The last month has been extremely unpleasant. Elaine has been hospitalized for the past six days. On Tuesday, she had her 4th procedure in 19 days, as an interventional radiology team removed more than half a liter of fluid from the pleural lining of her right lung. In the previous 36 hours, her fever rose and the pain in her chest, side and back intensified to a crescendo. Draining the fluid relieved her fever and pain, but left her exhausted.

The cytology report should help us understand whether the extracted fluid is the result of an infection or malignancy. At this point, Elaine is short of breath, and the fluid continues to gather, which could be long term problems. We’ve had conflicting counsel on this.

Elaine's physicians – Drs. Petersen and Corregidor (Gastroenterology), Huff (Emergency Medicine), Schoonover (Pulmonology), Kapoor (Infectious Disease), Shah and Bartfield (Hospital Medicine) and Spohr (Interventional Radiology) have been systematic, communicative and excellent, working together as a team, and we've been grateful for and gratified by this. All information flows to the hospitalists, who have also been in touch withElaine's primary care doctor, Rick Glock, and oncologist, Steve Buckley. It’s wonderful when you see medicine work like we know it can.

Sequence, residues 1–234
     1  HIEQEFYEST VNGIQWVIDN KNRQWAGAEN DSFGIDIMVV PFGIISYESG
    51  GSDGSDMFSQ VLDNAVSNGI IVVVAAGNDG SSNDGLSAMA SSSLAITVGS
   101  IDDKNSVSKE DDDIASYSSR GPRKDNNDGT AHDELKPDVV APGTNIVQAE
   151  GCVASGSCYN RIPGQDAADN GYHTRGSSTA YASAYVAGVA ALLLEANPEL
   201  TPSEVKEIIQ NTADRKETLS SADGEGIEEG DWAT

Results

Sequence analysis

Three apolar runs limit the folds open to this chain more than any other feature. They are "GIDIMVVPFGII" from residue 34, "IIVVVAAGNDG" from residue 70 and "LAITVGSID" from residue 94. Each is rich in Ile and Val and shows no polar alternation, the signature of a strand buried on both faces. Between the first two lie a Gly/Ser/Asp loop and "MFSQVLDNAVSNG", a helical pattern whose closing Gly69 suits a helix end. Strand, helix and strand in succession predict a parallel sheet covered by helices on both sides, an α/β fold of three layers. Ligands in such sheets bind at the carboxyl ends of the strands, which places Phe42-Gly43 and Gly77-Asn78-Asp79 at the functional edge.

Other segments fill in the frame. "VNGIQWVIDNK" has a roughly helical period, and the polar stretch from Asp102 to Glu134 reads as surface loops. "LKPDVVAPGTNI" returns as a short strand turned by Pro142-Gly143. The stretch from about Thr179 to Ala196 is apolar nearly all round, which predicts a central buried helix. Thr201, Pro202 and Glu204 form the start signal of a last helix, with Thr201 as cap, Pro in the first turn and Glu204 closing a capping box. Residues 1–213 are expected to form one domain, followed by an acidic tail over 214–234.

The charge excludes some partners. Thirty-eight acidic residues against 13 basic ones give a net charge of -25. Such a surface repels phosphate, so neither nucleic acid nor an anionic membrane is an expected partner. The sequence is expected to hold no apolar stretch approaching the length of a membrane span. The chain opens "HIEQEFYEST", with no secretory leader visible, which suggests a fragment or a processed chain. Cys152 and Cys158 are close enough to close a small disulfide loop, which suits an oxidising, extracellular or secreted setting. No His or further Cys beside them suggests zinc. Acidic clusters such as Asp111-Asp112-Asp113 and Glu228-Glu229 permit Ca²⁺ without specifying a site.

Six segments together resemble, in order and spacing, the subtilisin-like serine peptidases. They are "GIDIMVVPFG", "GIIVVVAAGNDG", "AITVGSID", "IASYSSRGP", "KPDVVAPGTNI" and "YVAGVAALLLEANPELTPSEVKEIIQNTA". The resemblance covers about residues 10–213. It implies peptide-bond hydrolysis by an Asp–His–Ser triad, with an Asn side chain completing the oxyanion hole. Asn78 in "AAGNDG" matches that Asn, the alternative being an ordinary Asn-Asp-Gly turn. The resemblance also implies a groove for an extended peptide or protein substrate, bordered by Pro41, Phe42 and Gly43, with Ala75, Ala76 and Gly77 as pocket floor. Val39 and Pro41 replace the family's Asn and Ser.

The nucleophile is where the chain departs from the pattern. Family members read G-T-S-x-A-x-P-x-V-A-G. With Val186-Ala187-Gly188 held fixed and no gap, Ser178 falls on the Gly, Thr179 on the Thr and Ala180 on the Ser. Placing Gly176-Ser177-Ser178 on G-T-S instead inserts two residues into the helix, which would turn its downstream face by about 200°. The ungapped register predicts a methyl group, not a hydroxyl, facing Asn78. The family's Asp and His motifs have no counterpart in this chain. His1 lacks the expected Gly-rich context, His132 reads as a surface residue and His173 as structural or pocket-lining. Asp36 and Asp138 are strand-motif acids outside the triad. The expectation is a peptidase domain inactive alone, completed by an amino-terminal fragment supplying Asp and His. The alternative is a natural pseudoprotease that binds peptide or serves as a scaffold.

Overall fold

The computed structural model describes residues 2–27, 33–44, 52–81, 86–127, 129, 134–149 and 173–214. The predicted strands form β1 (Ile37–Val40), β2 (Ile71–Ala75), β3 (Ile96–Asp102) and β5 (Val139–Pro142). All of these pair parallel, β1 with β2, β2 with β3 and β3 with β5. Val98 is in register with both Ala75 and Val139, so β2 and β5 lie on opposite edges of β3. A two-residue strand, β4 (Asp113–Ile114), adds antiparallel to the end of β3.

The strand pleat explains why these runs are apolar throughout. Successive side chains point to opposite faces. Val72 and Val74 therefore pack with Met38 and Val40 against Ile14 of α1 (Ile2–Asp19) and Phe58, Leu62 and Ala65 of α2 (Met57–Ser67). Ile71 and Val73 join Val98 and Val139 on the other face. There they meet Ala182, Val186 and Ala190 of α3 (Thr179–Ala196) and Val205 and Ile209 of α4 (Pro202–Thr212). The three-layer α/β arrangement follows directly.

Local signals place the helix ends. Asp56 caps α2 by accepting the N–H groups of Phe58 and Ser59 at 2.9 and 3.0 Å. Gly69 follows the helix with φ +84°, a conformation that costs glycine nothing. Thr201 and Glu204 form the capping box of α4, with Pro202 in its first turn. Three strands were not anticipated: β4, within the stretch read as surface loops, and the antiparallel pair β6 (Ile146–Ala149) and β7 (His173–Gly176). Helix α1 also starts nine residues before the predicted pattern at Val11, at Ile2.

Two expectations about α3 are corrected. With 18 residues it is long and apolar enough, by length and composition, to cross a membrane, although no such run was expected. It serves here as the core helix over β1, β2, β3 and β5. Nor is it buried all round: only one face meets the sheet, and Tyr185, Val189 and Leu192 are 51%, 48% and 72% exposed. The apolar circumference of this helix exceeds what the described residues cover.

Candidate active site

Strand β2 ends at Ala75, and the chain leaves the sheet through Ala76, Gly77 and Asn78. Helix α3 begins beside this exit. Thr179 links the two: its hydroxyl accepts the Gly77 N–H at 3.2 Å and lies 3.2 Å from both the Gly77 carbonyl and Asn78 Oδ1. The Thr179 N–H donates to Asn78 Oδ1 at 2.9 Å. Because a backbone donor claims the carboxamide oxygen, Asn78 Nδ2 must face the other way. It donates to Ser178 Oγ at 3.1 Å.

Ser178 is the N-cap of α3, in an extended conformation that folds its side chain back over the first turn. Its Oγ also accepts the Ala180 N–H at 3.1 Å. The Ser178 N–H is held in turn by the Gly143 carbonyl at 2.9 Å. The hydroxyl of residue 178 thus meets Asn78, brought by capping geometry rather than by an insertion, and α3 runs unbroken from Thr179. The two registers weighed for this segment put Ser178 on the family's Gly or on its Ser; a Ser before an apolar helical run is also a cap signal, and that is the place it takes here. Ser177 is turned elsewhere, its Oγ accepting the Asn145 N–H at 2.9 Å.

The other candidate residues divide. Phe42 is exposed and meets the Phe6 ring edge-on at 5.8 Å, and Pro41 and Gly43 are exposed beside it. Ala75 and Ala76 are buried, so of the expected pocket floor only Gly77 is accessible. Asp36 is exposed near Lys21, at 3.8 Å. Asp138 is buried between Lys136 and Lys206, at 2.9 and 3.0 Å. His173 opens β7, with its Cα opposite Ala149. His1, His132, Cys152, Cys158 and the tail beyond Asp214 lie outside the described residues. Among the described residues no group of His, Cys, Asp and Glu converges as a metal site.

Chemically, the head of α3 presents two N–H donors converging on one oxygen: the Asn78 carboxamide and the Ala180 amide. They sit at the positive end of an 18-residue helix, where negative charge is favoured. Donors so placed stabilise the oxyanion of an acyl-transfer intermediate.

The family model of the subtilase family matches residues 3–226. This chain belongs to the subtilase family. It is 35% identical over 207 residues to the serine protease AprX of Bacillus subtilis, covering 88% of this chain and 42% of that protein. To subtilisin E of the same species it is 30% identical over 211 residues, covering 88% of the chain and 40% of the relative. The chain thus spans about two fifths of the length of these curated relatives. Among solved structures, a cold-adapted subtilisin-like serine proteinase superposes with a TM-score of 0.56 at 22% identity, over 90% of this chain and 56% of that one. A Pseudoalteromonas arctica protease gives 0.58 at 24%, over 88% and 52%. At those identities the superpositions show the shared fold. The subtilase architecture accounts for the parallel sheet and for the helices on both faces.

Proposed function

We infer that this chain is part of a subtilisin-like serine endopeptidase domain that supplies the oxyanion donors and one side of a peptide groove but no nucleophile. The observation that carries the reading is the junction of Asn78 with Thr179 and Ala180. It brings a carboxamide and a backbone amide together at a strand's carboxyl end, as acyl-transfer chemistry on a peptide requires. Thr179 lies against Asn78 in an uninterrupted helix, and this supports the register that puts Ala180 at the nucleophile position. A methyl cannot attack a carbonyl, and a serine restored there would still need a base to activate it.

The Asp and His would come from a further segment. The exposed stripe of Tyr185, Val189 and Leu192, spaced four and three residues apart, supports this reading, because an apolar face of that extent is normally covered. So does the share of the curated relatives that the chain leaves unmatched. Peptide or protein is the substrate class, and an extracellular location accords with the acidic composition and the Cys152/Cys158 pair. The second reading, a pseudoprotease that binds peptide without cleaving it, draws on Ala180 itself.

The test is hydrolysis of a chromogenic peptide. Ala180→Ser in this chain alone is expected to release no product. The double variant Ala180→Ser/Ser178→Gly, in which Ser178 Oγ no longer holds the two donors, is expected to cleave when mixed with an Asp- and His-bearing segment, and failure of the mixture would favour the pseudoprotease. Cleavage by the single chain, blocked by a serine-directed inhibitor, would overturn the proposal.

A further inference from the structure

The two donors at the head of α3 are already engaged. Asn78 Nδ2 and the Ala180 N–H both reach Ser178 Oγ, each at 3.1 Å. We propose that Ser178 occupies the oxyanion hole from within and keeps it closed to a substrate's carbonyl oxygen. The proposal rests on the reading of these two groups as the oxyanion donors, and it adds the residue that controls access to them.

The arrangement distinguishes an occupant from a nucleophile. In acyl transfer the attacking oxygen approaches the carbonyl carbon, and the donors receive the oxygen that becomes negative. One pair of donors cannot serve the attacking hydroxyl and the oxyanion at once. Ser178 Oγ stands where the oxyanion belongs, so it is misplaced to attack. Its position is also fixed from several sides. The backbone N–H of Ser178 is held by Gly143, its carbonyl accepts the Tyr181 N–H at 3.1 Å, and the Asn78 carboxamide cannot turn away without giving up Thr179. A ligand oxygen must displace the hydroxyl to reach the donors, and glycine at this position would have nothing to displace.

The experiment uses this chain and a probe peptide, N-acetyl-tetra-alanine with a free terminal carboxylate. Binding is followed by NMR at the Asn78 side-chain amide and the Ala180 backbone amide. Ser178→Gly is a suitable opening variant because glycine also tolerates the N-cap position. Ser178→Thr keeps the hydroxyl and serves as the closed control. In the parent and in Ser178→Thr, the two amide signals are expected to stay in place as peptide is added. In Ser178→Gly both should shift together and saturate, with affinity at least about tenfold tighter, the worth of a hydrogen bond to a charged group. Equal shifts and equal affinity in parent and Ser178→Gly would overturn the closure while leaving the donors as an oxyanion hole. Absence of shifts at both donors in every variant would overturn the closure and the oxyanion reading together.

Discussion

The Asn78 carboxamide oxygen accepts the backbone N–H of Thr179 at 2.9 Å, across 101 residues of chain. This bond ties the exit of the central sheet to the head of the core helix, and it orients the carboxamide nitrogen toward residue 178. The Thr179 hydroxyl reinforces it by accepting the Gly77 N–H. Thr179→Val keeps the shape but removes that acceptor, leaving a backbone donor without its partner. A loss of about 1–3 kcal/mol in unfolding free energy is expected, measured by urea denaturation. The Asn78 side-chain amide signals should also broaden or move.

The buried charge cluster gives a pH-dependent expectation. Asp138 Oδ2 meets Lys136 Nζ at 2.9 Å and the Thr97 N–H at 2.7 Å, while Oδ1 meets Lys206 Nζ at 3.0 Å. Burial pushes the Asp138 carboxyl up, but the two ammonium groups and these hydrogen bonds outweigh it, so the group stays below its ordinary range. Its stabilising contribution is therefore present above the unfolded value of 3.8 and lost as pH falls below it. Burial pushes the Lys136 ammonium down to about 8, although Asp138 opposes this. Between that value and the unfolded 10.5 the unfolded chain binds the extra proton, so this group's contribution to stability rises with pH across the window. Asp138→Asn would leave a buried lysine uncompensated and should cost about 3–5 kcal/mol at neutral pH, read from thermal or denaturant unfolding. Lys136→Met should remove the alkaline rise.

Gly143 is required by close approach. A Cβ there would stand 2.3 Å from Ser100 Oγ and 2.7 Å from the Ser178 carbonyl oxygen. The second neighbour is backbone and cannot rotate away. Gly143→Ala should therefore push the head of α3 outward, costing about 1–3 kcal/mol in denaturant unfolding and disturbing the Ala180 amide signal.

There is still much we don't know about her illness or the plan going forward, but those will be clarified in the next days and weeks.

Over the past 32 months, we have tried to face Elaine’s illness directly and optimistically. Times like these test our resolve, though.

Thanks for being there. You can reach Elaine at


Tuesday, December 18, 2012

Elaine Update - 12/18/12

Yesterday Elaine had her 4th procedure in 19 days, in which a small tube was inserted into her chest cavity to drain off the accumulation of more than half a liter of fluid. This is normally very painful, and the nurses pre-medicated her with a whopping dose of 4mg of morphine.